5. You Don’t Have To Replace Your Wardrobe!
One great tip is to simply wear a vest and another top over it to keep your tummy warm. But if you did want to invest in a top to help make breastfeeding easier when out and about, I’d recommend the B shirt. If you feel self-conscious, these are a great option as they have a flap you pull up to feed. I have a plain black vest, which goes with pretty much everything. A friend recently recommended the Facebook page ‘Can I Breastfeed In It? UK’ as another place for sartorial feeding advice.
6. Try To Get Comfortable Feeding In Public If You Can.
It’s totally normal! Your baby is just eating. My first alfresco feed was on a sweltering June day following a turdnado of epic proportions. And it was still lovely! Just so you know, nobody can stop you from breastfeeding in public unless you are causing a literal obstruction! Get to know your legal rights.
7. Breastfeeding Can Be A Quick, Reliable And Comforting Way To Get Your Baby To Sleep.
If you find transfers tricky, you can feed to sleep lying down and then enjoy lots of lovely snuggles afterwards. Perfect! In fact, I’d go so far as to say it’s become my solution to everything. Jabs? Boob. Poorly? Boob. Bumped their head while cruising? You’ve guessed it: boob!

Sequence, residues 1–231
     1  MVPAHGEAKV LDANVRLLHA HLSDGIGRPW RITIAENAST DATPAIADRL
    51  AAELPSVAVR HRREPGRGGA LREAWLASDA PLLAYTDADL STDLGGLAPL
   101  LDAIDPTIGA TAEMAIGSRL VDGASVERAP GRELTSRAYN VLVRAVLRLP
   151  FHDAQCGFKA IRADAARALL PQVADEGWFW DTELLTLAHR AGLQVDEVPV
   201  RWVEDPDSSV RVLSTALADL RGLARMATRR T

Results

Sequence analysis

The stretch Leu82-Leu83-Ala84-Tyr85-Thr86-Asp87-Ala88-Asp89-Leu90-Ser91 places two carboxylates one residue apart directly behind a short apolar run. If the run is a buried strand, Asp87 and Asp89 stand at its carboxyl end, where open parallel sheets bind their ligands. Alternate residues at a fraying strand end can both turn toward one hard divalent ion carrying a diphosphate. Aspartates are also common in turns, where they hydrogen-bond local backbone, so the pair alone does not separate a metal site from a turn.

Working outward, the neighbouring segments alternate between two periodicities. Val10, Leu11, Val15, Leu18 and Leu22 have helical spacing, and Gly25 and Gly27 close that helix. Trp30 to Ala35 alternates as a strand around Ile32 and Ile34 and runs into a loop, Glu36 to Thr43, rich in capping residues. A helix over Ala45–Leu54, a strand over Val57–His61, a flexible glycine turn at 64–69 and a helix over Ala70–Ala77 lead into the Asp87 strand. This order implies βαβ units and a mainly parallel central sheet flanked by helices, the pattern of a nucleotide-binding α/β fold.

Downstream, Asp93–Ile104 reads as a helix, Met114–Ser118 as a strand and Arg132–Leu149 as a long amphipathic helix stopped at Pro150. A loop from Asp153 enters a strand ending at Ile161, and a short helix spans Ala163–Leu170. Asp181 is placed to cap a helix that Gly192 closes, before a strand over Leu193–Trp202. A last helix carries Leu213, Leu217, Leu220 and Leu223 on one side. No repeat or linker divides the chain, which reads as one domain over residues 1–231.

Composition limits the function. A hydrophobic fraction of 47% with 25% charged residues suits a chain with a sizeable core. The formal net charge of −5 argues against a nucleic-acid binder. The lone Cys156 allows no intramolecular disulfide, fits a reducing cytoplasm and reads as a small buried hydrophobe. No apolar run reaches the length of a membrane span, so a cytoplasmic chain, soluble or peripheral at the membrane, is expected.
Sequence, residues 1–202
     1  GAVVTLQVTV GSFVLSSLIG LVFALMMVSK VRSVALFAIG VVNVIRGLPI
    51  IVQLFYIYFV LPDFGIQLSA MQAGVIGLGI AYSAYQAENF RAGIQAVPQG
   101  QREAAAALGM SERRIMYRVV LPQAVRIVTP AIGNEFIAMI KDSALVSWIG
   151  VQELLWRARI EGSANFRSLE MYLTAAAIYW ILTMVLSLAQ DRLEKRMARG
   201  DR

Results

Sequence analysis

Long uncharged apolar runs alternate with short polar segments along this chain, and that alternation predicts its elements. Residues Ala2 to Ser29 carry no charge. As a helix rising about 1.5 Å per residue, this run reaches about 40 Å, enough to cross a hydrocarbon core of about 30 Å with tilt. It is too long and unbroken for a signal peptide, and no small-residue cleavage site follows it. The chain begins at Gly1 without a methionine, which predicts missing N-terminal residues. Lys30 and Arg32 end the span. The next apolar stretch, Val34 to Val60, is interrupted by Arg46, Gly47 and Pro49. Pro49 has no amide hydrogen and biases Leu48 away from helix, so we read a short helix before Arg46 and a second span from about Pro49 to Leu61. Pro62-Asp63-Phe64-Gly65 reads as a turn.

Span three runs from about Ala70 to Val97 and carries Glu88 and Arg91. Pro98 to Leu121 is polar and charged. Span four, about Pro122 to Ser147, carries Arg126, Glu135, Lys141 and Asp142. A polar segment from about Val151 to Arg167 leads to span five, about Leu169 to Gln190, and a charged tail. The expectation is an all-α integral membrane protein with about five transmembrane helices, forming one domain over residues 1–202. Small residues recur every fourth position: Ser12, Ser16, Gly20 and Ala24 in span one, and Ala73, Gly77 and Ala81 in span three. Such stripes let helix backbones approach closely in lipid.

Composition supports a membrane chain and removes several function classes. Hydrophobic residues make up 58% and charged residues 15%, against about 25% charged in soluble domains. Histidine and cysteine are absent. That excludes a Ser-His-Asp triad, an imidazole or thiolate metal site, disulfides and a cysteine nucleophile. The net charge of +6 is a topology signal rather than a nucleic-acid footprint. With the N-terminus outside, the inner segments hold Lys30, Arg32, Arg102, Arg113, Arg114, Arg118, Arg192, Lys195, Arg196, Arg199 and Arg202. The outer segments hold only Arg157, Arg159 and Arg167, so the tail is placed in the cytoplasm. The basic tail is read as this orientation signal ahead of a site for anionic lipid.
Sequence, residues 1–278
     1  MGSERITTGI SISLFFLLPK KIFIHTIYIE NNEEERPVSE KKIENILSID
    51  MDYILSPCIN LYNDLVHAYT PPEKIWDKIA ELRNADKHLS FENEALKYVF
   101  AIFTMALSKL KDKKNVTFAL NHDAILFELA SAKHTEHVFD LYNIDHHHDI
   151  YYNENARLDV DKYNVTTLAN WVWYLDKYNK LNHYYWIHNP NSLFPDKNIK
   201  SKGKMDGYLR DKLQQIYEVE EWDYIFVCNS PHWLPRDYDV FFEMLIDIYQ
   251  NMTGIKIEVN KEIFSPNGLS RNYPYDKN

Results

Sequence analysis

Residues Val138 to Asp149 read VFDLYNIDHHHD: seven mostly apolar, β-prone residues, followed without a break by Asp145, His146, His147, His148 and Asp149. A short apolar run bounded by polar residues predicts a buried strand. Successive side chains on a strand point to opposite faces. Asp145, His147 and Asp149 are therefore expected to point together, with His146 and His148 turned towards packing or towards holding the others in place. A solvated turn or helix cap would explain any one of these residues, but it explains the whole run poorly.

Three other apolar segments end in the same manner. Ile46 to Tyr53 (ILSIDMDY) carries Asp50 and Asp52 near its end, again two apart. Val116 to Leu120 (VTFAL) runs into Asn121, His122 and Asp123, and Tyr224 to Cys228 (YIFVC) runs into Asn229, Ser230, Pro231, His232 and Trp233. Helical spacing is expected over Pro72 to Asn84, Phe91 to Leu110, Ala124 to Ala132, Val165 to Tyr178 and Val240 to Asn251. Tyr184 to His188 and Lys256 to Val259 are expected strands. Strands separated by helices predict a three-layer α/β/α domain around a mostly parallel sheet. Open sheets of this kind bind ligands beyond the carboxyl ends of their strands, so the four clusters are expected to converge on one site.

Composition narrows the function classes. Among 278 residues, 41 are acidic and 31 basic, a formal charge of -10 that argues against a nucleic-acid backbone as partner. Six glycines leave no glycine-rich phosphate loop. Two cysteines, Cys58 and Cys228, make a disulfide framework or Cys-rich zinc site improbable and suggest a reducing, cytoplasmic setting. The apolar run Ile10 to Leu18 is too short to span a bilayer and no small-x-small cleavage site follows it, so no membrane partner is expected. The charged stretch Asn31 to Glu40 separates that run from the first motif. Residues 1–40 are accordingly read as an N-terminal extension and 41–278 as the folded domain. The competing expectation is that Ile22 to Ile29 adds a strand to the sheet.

8. It Is Totally Possible To Continue Breastfeeding As A New Mum When You Return To Work, If You Choose To.
I have opted to continue as a way to help my baby cope with the transition to childcare and to help us reconnect after being separated during the day. If you choose to partially or totally wean, make sure you do this gradually to avoid blocked ducts or Mastitis. Again, the support services I mentioned earlier are a great resource if you’re not sure how best to approach this.
9. You Don’t Have To Buy A Pump Before Your Baby Is Born.
First, give yourself time to see how breastfeeding is going and whether you actually need one. Mine packed up after two uses (a very expensive £90!). I also struggled with a strong physical aversion to the sensation of an electric pump. I had much better success with a manual pump (I liked the Medela). Try to practise hand expressing too, which can be a good way to gently relieve some discomfort when needed.